FDA Expands Medication Assisted Treatment

Health and Human Services Secretary Alex M. Azar II

The Food and Drug Administration (FDA) has announced it will expand medication assisted treatment (MAT) to help provide addiction recovery treatment to as many Americans as possible, including permitting pharmaceutical companies to market medications which temper but do not completely eradicate substance cravings.

Health and Human Services Secretary Alex M. Azar II made the announcement during his speech before the National Governors Association on Saturday, February 24. Azar stated that the FDA would be releasing new guidelines for those pharmaceutical companies that wished to take part in the effort to mitigate the consequences of the opioid crisis through MATs.

Guidance will be offered regarding the development of new medications which mitigate opioid cravings and reverse opioid overdoses. Other guidance will foster the further development of existing medications in order to bolster their efficacy in opioid addiction recovery treatment.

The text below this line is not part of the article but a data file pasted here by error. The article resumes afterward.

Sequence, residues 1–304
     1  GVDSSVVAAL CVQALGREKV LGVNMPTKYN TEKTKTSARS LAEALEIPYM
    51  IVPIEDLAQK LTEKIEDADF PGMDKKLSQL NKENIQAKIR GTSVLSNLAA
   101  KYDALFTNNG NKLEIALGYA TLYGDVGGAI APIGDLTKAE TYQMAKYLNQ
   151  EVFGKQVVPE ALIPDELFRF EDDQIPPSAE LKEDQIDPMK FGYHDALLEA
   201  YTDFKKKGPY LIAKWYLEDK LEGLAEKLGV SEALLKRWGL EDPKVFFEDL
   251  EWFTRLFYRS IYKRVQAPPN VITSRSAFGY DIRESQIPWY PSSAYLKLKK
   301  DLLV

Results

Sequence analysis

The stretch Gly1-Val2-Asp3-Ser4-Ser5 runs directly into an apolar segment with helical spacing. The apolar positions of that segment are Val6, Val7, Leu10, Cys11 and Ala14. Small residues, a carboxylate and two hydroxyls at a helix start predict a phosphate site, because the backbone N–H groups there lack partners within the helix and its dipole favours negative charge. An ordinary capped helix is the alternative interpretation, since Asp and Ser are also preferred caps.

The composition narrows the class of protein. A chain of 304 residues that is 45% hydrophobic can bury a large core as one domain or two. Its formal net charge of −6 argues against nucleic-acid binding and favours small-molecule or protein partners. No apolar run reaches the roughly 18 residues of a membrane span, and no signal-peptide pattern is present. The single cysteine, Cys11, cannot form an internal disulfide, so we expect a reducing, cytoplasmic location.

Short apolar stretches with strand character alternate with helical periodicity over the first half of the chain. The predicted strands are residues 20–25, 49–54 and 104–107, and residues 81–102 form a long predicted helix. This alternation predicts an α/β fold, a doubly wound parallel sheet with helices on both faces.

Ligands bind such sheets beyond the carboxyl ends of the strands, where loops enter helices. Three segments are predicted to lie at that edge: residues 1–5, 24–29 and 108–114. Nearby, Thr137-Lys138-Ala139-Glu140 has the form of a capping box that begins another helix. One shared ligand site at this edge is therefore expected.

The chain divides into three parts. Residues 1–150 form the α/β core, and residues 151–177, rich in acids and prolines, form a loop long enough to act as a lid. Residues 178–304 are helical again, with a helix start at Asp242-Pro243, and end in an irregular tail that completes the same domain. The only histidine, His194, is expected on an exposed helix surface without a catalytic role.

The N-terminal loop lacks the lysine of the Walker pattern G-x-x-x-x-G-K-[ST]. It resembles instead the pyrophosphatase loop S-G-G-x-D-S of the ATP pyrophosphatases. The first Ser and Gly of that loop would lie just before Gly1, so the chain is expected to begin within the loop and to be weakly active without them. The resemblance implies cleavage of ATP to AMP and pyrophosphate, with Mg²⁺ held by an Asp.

The new FDA proposal will seek to expand the access citizens of the United States have to MATs which will help reduce cravings, as well as developing additional medications to help with any aspect of opioid addiction, including reversing the effects of overdose.

One existing and available form of MAT is buprenorphine, an opioid addiction treatment medication that had a monthly injectable version approved by the FDA in November.  

Alex Azar, who served as the head of pharmaceutical company Eli Lilly before Trump appointed to the position of replacement HHS Secretary in the wake of former HHS Secretary Tom Price resigned in September of 2017. Azar worked at Eli Lilly for a decade, and served as president of the pharmaceutical giant’s US division for five years before leaving the company in January 2017 to found a biopharmaceutical consulting agency.

The opioid crisis continues to claim lives across the country, with data from the Centers for Disease Control and Prevention revealing that the number of deaths caused by overdoses increasing 28 percent between 2015 and 2016.